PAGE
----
P.S. I hope you aren't planning to do tomorrow what Todd did on Sunday- write a mealy-mouthed retraction of everything you just said. Call it a question of "nuance".

October 7, 2014 at 12:39 a.m. suggest removal

Hired leaders to aid ours?

Todd, you really can't have it both ways- even though I know it's highly tempting and convenient to straddle issues and cover your behind from either direction- but, it doesn't work: In your column, you said: "If Martin was a white real- estate agent from the suburbs and her two assailants were black, do you think justice waits four years? Do you think the prosecutor’s office sits on its hands while witnesses grow old, forget things and die off? Do you think a judge sits on it like Evans did? And do you think the white suburban power structure quietly lets the judge sit while they all attend golf scrambles?"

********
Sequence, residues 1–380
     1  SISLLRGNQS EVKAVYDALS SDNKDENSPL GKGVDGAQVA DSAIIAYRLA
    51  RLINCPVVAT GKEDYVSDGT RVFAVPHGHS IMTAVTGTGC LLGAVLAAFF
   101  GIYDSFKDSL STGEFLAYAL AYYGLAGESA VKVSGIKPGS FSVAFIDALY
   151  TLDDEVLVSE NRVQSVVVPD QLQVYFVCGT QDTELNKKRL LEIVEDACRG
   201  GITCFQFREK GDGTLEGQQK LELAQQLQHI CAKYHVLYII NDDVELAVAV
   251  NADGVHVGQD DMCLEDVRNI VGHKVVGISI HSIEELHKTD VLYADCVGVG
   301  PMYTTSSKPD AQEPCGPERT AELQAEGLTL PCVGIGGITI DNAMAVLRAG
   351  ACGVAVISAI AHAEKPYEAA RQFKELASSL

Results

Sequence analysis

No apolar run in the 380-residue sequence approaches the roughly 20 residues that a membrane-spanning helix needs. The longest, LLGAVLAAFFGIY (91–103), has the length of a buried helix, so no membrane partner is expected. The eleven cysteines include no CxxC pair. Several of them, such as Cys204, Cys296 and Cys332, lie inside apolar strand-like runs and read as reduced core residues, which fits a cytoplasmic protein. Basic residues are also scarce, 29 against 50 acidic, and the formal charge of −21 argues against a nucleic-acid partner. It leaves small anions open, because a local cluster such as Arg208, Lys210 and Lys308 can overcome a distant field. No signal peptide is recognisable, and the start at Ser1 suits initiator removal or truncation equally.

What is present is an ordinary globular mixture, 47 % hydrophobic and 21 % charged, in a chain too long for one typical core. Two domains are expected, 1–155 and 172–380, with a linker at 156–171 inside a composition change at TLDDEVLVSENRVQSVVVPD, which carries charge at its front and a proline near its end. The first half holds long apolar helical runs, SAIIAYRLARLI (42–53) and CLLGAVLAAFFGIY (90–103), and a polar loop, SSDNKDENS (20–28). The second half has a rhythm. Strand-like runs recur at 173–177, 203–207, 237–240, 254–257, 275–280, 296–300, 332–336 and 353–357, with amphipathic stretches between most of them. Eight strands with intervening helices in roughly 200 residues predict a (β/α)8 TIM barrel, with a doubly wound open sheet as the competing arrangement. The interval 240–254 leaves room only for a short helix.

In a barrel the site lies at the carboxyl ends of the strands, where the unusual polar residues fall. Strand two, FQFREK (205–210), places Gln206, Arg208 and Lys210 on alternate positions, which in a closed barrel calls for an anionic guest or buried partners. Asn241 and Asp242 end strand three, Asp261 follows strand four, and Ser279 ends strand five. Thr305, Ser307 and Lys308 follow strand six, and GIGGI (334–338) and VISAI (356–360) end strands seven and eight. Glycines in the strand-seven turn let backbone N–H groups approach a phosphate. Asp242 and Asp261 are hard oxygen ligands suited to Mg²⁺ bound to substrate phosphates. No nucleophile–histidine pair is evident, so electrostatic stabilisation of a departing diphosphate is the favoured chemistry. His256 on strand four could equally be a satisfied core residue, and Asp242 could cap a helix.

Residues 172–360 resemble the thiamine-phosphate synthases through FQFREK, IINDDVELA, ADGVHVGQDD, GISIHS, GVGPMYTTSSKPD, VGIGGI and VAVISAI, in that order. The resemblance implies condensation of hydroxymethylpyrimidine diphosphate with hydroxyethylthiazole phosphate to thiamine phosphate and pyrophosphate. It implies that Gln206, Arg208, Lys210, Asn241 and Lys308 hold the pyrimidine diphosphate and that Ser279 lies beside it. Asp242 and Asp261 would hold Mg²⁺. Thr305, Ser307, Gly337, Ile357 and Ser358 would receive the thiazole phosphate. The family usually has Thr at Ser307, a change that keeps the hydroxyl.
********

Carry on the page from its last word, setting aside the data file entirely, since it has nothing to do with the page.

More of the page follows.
That's what you said in your column. Now, in your comment, what you say is this: "To be clear, I did not write that Evans made his decision based on race. It's nuance. But I was specific to not say such. My point is that the mismanagement/laziness and system-wide ambivalence are not allowed to happen for 4 years if she is white. That, I feel strongly about."

Am I wrong in assuming that the two statements contradict each other. You can't say "if Martin was (had been) white... and her assailants black, do you think justice waits (would have waited) four years?" and then turn around and say: "...I did not write that Evans made his decision based on race. It's nuance. But I was specific to not say such."